My neighbourhood had its annual street party last week and one of my favorite events was the “Have One, Leave One” book swap. It’s simple: you bring a book that you enjoyed; you take a book that someone else enjoyed. The event is community-spirited, efficient and usually brings out such generosity that every year there are about 100 books left over which are then donated. The fact that the majority of the books had either kids or animals on the cover and that my copy of “Blink” was still there at the end of the day only served to point out the need for a more contextual version of this same tradition for my reading tastes.
So, in the spirit of the old fashion community book exchange, I offer up (with Kate’s permission): The One Degree first annual “Have One, Leave One” for Online Marketers. It is summer, after all, and presumably we have some time for reading. Also, as an online service, we will have to exchange the *idea* of books versus actual books, but the spirit will remain the same.
I’ll get us started by offering up a book I read recently and loved, Douglas Rushkoff’s Get Back in the Box. It’s essentially a book that urges companies to stop wasting their money on outside consultants and mass market advertising campaigns and get back to making a better product that meets their customers needs. Here’s an excerpt from the back cover:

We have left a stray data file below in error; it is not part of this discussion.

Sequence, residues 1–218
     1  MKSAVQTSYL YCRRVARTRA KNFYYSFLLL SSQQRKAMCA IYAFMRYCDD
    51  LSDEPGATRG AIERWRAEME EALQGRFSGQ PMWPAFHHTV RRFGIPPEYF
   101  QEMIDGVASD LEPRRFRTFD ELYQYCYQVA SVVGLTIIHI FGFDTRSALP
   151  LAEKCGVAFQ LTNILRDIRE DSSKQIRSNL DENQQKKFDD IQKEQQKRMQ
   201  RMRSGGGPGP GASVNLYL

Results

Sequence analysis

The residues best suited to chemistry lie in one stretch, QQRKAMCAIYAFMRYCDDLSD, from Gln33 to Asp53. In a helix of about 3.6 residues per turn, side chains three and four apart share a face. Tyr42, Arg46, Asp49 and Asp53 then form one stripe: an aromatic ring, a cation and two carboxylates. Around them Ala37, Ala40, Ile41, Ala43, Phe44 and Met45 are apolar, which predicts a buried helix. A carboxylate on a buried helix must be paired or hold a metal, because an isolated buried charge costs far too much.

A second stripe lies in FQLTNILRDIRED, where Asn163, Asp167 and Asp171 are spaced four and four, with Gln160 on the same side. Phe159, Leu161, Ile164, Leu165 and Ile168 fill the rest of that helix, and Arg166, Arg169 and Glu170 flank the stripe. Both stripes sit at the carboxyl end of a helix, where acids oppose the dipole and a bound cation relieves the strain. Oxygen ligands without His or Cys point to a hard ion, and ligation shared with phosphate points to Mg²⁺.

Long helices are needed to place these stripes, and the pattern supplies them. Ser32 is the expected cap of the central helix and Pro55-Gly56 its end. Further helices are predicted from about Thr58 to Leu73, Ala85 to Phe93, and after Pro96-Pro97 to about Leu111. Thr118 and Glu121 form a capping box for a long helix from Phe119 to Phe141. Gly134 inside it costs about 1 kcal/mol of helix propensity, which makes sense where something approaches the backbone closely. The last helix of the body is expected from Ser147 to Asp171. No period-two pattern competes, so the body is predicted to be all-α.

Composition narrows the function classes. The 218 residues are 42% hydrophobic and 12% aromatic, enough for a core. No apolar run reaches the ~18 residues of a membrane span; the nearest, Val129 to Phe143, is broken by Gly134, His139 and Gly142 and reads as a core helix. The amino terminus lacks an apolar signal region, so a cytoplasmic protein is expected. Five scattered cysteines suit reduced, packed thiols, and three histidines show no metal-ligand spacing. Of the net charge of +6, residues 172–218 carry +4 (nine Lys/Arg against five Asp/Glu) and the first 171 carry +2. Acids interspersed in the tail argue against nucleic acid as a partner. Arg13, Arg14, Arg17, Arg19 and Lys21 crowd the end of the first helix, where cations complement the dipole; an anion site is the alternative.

“Having too long replaced innovation with acquisitions and ad campaigns, many businesses have lost touch with the process – and fun – of discovery. Indeed for all of their talk of innovation, most companies today are scared to death of it. By returning to their core competencies, companies can offer their employees and customers alike the “social currency” they need to create value, meaning and fun for one another.”
He’s a bright mind who speaks his truth in a humorous way. I found myself questioning a number of my held beliefs while I was reading it which for me is always a good sign. I especially loved his turning Gladwell’s The Tipping Point upside-down by arguing that “viral” doesn’t occur because there are a few people who are influencers and can spread the word about a particular product or service. He argues that all of us use good products and services as a type of “social currency” in order to meet our fundamental human need to engage with one another. Great stuff!
There, I’ve left a book in the virtual exchange. Who’s next? What great marketing tome have you read lately?
Oh, and no books about dogs or kids. Save those for your own street party.